Top diplomat in Ukraine set to testify in impeachment inquiry — live updates

Key facts and latest news

  • William Taylor, the top U.S. official in Ukraine, is scheduled to testify before lawmakers behind closed doors on Tuesday.
  • President Trump on Monday urged Republicans to unite behind him on impeachment, saying they “have to get tougher and fight.”
  • Russ Vought, the acting director of the Office of Management and Budget (OMB), tweeted Monday morning that he and Mike Duffey, another top OMB official, will not comply with congressional requests for interviews.
  • On a July call between President Trump and Ukrainian President Volodymyr Zelensky, Mr. Trump urged Ukraine to investigate Joe Biden.

Washington— The top U.S. diplomat in Ukraine is set to testify before House lawmakers leading the impeachment inquiry on Tuesday, the latest diplomatic official to appear before the committees despite a White House directive not to cooperate with investigators.

William Taylor, the U.S. chargé d’affaires in Kiev, was involved in the events at the center of the impeachment inquiry. In messages with other diplomats from August and September released earlier this month, Taylor raised concerns about the U.S. withholding hundreds of millions of dollars in military aid to Ukraine.

“I think it’s crazy to withhold security assistance for help with a political campaign,” Taylor wrote to Gordon Sondland and Kurt Volker, two other officials who have testified before the committees.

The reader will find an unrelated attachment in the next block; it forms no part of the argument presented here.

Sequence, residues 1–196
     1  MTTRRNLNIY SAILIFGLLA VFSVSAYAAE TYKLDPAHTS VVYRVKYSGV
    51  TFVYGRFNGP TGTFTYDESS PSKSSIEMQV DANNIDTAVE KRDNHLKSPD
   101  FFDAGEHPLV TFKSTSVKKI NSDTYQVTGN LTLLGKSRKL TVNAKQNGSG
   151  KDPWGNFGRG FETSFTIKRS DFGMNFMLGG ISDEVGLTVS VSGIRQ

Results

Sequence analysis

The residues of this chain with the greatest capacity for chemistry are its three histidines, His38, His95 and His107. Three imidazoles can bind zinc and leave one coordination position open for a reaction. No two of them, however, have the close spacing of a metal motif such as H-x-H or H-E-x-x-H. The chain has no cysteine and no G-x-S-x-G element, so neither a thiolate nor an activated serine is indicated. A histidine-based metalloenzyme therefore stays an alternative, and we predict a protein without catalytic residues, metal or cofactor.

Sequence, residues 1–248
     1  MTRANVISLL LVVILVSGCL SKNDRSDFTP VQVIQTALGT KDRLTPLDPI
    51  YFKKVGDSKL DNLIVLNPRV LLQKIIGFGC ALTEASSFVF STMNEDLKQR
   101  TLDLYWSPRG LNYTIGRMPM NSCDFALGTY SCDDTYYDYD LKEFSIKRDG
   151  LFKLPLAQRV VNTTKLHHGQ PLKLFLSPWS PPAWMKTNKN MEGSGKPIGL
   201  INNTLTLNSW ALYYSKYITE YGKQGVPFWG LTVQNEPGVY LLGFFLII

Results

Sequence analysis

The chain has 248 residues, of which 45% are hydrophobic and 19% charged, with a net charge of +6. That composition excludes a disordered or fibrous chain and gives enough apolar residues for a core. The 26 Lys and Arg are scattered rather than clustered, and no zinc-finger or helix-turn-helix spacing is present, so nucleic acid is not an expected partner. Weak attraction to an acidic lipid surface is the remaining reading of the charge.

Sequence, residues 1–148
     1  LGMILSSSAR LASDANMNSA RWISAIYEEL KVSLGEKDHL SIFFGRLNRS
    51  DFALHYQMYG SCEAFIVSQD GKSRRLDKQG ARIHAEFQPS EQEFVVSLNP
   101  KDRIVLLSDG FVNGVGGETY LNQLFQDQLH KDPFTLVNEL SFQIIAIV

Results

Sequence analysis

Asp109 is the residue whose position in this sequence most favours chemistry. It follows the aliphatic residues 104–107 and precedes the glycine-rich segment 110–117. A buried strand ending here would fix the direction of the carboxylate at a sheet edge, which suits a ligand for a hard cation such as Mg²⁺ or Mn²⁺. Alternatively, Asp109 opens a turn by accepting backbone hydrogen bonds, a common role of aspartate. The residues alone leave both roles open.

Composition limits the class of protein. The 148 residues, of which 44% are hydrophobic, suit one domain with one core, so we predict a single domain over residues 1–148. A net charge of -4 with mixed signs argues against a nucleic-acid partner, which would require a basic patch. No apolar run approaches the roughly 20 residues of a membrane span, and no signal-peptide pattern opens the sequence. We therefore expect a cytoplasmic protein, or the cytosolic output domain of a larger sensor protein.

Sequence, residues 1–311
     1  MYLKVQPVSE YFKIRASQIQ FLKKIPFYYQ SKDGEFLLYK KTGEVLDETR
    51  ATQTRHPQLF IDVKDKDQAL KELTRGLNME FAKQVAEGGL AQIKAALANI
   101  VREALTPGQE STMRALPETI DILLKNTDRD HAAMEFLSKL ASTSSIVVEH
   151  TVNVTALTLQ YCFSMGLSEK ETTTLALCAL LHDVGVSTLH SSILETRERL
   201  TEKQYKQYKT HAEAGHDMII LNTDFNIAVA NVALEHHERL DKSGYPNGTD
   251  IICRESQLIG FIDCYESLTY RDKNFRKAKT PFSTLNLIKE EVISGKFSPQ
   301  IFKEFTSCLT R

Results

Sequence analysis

During a Cabinet meeting at the White House on Monday, the president implored congressional Republicans to fight back against Democrats’ impeachment inquiry.

“I watched a couple of people on television today talking about it. They were talking about what a phony deal it is, and Republicans have to get tougher and fight,” Mr. Trump said. “We have some that are great fighters, but they have to get tougher and fight because the Democrats are trying to hurt the Republican Party for the election, which is something where we’re doing very well.”

The president said he thinks Democrats “fight dirty,” but have two advantages: “They’re vicious, and they stick together.”

“They don’t have Mitt Romney in their midst,” the president said, referring to the Utah senator who has become a vocal critic of his administration. “They don’t have people like that. They stick together. You never see them break off.”

Mr. Trump said Democrats “want to impeach me because it’s the only way they’re going to win. They’ve got nothing.”

“This whole thing is very bad for our country,” the president said.

​House Democrats block GOP resolution to censure Schiff

Monday, 7:12 p.m.: House Democrats on Monday blocked a vote on Republican resolution to censure House Intelligence Committee Chairman Adam Schiff over his handling of the impeachment inquiry into President Trump.